1

I'm talking about a sorry person about the exam.

I'm talking about a person sorry about the exam.

I intend to mean "a person who is sorry about the exam".

Are these two sentences the same and do they meet my intention?

5
  • The first version is syntactic garbage. The second one is simply an acceptable "condensed" version of what you say you intend it to mean anyway. That's to say, the highlighted element in I'm talking about a person [who is] sorry about the exam is optional, so it can validly be discarded. – FumbleFingers May 15 at 14:22
  • @FumbleFingers if someone spoke the second sentence to me I’d hear it as two different sentences. Even written, it’s a bit awkward. I don’t think it can be discarded in fact even if it maybe can in theory. – thehole May 15 at 15:22
  • The point I would like to figure out is why "a sorry man about the exam" is not equal to "a man sorry about the exam", or why "an angry man about the exam" is not equal to "a man angry about the exam", whereas "enough money to buy a new car" is equal to "money enough to buy a new car." @FumbleFingers – Jawel7 May 15 at 16:18
  • If someone has strong feelings about a particular subject, we have to say they are angry about that subject. An angry man could be one who is bad-tempered by nature. Also, we can't say a sorry man for a man who feels sorry. In old-fashioned language, it would mean a rather pathetic, contemptible man. – Kate Bunting May 15 at 21:16
  • 1
    @Jawel7: The reason your first version doesn't work is because the entire adjectival element sorry about the exam can't be split up. Single-word adjectives usually come before the noun they modify, but "phrasal" adjectives normally come after the noun. Note that although it would be slightly "quirky", we could in principle use hyphens to make your multi-word adjectival phrase function syntactically like a singe-word adjective, as in I'm talking about a "sorry-about-the-exam" person (scare quotes alert the reader to a "quirky" usage; in speech those words are spoken very rapidly). – FumbleFingers May 16 at 11:16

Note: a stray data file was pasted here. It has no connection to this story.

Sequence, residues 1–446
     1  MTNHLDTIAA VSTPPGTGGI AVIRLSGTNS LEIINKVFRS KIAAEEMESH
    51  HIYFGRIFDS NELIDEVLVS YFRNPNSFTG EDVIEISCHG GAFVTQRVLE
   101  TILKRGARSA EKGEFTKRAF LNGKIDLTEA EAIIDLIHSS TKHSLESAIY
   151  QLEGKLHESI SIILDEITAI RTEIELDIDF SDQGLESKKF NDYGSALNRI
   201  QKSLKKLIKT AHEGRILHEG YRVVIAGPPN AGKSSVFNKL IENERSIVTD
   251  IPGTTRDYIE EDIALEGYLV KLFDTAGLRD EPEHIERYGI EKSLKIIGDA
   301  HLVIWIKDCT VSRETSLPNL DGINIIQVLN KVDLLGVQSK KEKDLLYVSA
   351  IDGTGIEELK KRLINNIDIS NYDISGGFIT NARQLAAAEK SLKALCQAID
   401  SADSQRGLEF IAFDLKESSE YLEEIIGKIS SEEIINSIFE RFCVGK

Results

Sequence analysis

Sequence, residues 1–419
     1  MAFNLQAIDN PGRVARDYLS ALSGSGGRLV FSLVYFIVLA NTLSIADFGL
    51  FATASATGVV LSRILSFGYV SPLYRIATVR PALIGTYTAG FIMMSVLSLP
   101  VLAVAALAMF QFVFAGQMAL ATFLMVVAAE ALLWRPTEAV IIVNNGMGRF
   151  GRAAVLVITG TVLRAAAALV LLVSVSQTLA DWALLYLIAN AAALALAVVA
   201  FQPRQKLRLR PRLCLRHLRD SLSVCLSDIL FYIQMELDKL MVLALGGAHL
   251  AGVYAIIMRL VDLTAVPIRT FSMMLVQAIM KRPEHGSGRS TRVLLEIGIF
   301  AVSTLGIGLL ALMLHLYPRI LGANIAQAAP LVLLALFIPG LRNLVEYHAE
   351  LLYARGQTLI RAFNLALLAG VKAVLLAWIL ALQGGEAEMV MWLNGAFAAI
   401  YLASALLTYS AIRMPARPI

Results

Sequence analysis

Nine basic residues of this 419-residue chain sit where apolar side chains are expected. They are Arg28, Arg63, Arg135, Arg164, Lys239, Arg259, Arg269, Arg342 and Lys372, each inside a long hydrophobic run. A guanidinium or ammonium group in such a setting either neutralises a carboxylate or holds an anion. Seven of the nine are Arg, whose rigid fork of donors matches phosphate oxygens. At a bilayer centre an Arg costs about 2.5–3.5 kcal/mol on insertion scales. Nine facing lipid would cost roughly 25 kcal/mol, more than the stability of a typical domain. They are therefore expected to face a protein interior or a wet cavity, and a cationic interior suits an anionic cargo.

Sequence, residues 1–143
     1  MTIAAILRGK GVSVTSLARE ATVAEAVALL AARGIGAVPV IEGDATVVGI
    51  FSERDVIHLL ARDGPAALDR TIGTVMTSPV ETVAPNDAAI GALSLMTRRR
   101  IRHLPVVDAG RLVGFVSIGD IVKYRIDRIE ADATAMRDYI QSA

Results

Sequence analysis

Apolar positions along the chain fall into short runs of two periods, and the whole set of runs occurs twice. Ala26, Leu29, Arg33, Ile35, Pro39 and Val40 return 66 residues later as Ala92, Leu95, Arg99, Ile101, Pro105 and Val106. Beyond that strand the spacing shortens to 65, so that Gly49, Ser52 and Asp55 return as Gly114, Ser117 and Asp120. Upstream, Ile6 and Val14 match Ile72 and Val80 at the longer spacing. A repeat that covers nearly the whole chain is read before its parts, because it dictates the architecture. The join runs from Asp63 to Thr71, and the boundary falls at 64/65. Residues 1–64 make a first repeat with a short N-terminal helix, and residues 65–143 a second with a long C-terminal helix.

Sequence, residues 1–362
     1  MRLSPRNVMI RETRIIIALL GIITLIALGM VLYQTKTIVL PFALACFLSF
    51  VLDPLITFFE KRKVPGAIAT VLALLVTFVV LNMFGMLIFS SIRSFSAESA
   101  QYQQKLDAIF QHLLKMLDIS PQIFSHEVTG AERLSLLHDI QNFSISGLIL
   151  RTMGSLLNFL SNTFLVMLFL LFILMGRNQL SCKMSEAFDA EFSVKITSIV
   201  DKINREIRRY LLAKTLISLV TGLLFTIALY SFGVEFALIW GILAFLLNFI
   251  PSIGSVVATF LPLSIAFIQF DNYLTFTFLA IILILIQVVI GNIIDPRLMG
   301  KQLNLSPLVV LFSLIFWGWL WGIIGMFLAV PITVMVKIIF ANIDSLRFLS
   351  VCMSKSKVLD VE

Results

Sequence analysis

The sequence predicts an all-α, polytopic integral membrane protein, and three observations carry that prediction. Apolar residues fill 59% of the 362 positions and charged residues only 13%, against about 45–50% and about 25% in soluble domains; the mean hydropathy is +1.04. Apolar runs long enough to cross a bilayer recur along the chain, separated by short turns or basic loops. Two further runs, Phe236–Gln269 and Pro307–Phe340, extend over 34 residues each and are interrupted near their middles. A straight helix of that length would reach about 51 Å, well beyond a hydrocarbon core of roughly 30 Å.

1

The only difference is the first sentence is ungrammatical. "Sorry" is a never-attributive adjective and should not be used as a pre-head modifier in a noun phrase structure. "Sorry" can only be used attributively in idiomatic expressions such as "A sorry state of affairs".

8
  • The point I would like to figure out is why "a sorry man about the exam" is not equal to "a man sorry about the exam", or why "an angry man about the exam" is not equal to "a man angry about the exam", whereas "enough money to buy a new car" is equal to "money enough to buy a new car." – Jawel7 May 15 at 16:17
  • It depends on the adjective. Some adjectives can only precede (eg. mere). Some adjectives must follow (eg. sorry). – user178049 May 15 at 16:31
  • Can I find any list including adjectives functioning like "enough" ? – Jawel7 May 15 at 16:34
  • Where do you find the sentence "I have money enough"? I don't think that's a common way of saying it. – user178049 May 15 at 16:48
  • 1
    That's not common. However, it's theoretically correct. "Money enough to buy a new car" is equal to "money that is enough to buy a new car". No difference between them just as some native speakers confirmed as well. However, when it comes to different adjectives, there are differences and I don't know why. – Jawel7 May 15 at 16:50

Your Answer

By clicking “Post Your Answer”, you agree to our terms of service, privacy policy and cookie policy

Not the answer you're looking for? Browse other questions tagged or ask your own question.